Remember the Prairie Parkway? Just a few years ago, it was the Big New Road Project of choice in northeastern Illinois. A monumentally dumb idea for a whole host of reasons, the Prairie Parkway fortunately fizzled after the recession of 2008 (though old road projects are rather like zombies that can’t be killed once and for all).
The new road of the day is the much ballyhooed Illiana Expressway, which will link the booming metropolises of Lowell, IN, and Wilmington, IL, and in the process pave over a lot of high-quality Midwestern farmland. But the Illiana isn’t a gentle zombie that plods along with a vacant stare. No, this road monster is pure evil, and it’s coming after us with ferocious speed.
Local politicians and IDOT officials claim we need the Illiana to divert truck traffic from I-80 and US-30; support the burgeoning warehouse/distribution center district in central Will County; provide east-west highway access to the yet-to-be-built (or even approved) Peotone Airport; and create jobs.
I’m all for more jobs, especially if they’re permanent ones that pay a living wage with benefits and occur in an environment that does not tolerate sexual harassment of workers. (This, Joliet-area readers know, is not always the case with the warehouse/distribution industry here in Will County.) But the traffic relief argument smells fishy to me, since this always ends up being, well, a red herring. Remember how I-355 was supposed to relieve traffic on I-55 and 294? Last time I drove those interstates, they were still among the most traffic-choked in the region.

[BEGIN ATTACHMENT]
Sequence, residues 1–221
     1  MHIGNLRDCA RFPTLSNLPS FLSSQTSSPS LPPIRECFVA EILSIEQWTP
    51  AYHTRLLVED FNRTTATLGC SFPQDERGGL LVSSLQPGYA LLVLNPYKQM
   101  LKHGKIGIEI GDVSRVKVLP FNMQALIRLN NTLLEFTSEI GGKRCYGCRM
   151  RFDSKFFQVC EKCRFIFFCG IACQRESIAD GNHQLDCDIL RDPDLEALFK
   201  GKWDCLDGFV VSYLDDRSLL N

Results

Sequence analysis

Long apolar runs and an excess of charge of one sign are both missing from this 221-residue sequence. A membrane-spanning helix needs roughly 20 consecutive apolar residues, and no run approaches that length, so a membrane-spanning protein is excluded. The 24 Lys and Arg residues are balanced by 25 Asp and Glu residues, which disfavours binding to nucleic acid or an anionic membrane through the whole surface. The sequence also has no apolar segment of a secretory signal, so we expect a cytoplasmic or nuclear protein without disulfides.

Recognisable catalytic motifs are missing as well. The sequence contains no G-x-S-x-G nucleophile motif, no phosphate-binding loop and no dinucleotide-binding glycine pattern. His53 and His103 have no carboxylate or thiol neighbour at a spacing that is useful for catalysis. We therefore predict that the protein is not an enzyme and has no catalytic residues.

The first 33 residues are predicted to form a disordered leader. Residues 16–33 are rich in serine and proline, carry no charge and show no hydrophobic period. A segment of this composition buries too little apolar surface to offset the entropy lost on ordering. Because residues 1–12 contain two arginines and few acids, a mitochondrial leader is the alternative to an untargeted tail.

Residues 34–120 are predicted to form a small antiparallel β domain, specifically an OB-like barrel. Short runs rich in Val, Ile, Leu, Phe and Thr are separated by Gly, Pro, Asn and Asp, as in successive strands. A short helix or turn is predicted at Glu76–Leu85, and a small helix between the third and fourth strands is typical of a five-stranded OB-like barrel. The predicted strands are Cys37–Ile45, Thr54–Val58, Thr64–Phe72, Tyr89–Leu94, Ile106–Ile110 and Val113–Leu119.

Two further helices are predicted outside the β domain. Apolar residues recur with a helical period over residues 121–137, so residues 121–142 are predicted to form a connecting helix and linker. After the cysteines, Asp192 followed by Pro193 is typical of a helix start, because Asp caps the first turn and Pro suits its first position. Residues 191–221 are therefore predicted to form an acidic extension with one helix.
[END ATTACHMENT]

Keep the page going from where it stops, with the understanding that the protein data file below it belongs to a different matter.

The Peotone Airport reference is the really big red flag, though. Right now, legal but unethical eminent domain proceedings are being wielded by IDOT against Will County landowners unwilling to give up their land for this Great Imaginary Airport that no airline supports.
Now the Illinois legislature has approved “quick-take” powers for IDOT to seize more private property for the Illiana Expressway, an action that should outrage you, fellow citizens. Why?
Start with the gross injustice here. Quick-take allows the state to simply declare it wants a piece of property, then take it. The process is nice and quick — hence the name — and conveniently circumvents the normal eminent domain process (itself hardly benign) by which citizens may take the state to court to fight the condemnation or haggle over a selling price once their property is condemned.
Secondly, the road has no funding. The only money that’s been allocated thus far for the Illiana is $9 million for several years’ worth of environmental impact and planning studies. Projected unfunded construction costs include over $3 billion for the Illinois section alone.
Finally, and mostly absurdly, IDOT hasn’t decided where the road will go. Right now two different routes for the Illiana are being evaluated (along with, ironically, a “no-build” option to appease malcontents like me). How in the world can IDOT condemn property under quick-take if an official route hasn’t yet been chosen and approved? Does this strike anyone else besides me as completely illogical?
Perhaps this is root of the problem. When it comes to phantom roads and imaginary airports, there are no ethics or logic operating in Springfield.
The road monsters are coming, people. It’s quick-take season now. Better get out of the way, or you’ll get run over.
This essay is a revised version of my op-ed column that appeared in today’s Joliet Herald-News as “Illiana Bulldozing Rights of Citizens in Its Path.” Though I’m not a transportation / planning expert, I tend to think we have plenty of roads in Illinois already. I also appreciate the fact that my Joliet residential street was repaved last week; notably, no new roads were created in that stimulation of the local economy.